Middlest has outgrown her nap. Such a sad day. But that period of quiet in the afternoons is truly an absolute necessity for me. Losing that quiet is tantamount to losing my mind.
Also, that’s often my ministry time, whether blogging or in-person. I will often tutor other children, invite ladies in to my home for fellowship and discipleship, or plan my teaching/Bible studies with this time. Sometimes, it’s just my time to catch up, check my email/social media, write a blog post, plan a school lesson, etc. So the end of nap is not the end of that time of quietness.
What is Quiet-Time?
- You must stay in your spot for the duration of Quiet-Time. If you leave, your “quiet time” becomes nap time. (Incidentally, everyone must go to the bathroom before Quiet-Time begins for this to work.)
- You may not be in the same room as another sibling.
- You must play quietly—no loud imaginary games. (This helps me, and it helps Littlest who still gets a nap during this time.)
Our Quiet-Time activities include audio-books and Leap Pad activities, legos or blocks, books and coloring books, and the art bag with our other crafting items. Also, because some of these items are not allowed to leave certain areas of our home (our attempt to keep legos and scissors away from Littlest), the kids alternate Quiet-Time spaces and activities.
For us, Quiet-Time lasts for about an hour and a half to two hours, depending on the length of the audio story and how much of a nap Littlest needs.
When is a child ready for Quiet-Time?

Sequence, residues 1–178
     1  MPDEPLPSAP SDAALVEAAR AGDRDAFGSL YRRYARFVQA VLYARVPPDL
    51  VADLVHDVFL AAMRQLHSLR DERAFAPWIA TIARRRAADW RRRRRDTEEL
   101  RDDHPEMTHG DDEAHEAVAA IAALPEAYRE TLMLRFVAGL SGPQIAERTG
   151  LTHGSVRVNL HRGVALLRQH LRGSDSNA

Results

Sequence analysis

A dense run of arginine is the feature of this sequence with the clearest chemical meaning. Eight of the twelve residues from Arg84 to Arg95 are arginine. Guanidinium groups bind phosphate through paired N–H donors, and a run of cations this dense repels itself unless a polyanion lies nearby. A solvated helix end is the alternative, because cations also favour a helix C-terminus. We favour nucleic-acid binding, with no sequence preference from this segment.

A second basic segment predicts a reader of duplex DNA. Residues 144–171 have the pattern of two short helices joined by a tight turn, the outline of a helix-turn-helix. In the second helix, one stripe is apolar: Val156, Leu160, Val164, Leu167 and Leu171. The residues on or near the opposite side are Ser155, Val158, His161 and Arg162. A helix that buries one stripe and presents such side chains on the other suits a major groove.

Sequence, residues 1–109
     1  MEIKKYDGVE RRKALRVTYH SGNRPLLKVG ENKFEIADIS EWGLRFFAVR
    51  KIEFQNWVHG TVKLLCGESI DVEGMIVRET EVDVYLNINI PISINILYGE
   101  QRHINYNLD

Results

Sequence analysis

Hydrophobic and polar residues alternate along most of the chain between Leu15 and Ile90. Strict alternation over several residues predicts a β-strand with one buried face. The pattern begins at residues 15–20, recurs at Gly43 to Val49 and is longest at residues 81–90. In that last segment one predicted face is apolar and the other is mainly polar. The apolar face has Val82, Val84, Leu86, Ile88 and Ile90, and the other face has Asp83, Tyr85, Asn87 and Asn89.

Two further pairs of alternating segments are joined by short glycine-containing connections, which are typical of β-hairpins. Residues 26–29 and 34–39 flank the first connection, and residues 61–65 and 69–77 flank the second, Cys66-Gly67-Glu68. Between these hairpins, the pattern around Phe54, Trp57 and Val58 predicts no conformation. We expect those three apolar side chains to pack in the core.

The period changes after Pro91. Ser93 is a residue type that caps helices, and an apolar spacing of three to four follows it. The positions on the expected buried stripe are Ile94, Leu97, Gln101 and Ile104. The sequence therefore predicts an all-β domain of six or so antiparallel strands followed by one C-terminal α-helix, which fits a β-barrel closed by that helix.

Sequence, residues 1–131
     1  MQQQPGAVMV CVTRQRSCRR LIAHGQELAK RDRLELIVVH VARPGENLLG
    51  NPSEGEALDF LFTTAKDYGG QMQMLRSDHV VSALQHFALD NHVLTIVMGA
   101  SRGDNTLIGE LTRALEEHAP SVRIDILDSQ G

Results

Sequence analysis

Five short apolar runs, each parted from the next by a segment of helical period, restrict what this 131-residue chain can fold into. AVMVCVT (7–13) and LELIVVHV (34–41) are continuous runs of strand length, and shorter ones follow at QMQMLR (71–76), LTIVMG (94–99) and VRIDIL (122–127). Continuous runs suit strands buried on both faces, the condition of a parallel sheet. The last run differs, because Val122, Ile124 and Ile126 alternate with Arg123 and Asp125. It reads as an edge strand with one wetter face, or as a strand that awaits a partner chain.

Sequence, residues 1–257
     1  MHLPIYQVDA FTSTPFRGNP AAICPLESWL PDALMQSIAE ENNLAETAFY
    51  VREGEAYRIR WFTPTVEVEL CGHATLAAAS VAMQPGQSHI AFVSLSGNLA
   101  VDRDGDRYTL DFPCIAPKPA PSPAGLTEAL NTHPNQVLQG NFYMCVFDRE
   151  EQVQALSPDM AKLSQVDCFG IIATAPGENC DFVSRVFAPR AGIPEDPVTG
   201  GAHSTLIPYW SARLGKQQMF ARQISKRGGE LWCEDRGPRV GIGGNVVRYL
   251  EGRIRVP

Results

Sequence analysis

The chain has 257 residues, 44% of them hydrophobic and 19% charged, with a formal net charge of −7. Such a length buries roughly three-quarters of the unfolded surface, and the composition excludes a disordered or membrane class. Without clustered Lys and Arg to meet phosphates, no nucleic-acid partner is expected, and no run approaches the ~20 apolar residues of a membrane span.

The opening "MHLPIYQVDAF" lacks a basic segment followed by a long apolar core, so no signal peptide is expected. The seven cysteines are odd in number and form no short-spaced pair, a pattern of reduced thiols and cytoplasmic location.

I begin Quiet-Time when I can tell my kid no longer needs the sleep. With both of the kids, there came a time where they just could not take a nap for me. It was not a power-struggle situation where the child just didn’t want to nap, but a legitimate attempt on the child’s part to TRY to honor me when they physically couldn’t.
For instance, Middlest is my child who tends to push boundaries. Nap time has always been a little bit of a struggle with her. In other words, I have to leave her door open to be sure she has obeyed. But I could tell that she truly had outgrown nap time when she stayed in her bed and did not play, but could not go to sleep. With Oldest, who never gave me issues over nap time, he suddenly began disobeying; it was out of character for him.
In both instances, I had to evaluate my own expectations: was I placing my child in a situation that made it physically impossible for him/her to obey? When my answer has to be “maybe,” I give Quiet Time a try. And what I found with Middlest was that the quiet space of time by herself was all she needed to correct her whiny, late-afternoon attitude.
I still hold the prerogative to declare any day a “nap day,” depending on behavior and the demands of life. But maintaining that peaceful afternoon routine is a life-saver, for all of us. And Middlest is ever-grateful to have finally graduated to the privilege.
Need some more “quiet-time” ideas? Read a wealth of quiet-time wisdom at the HodgePodge.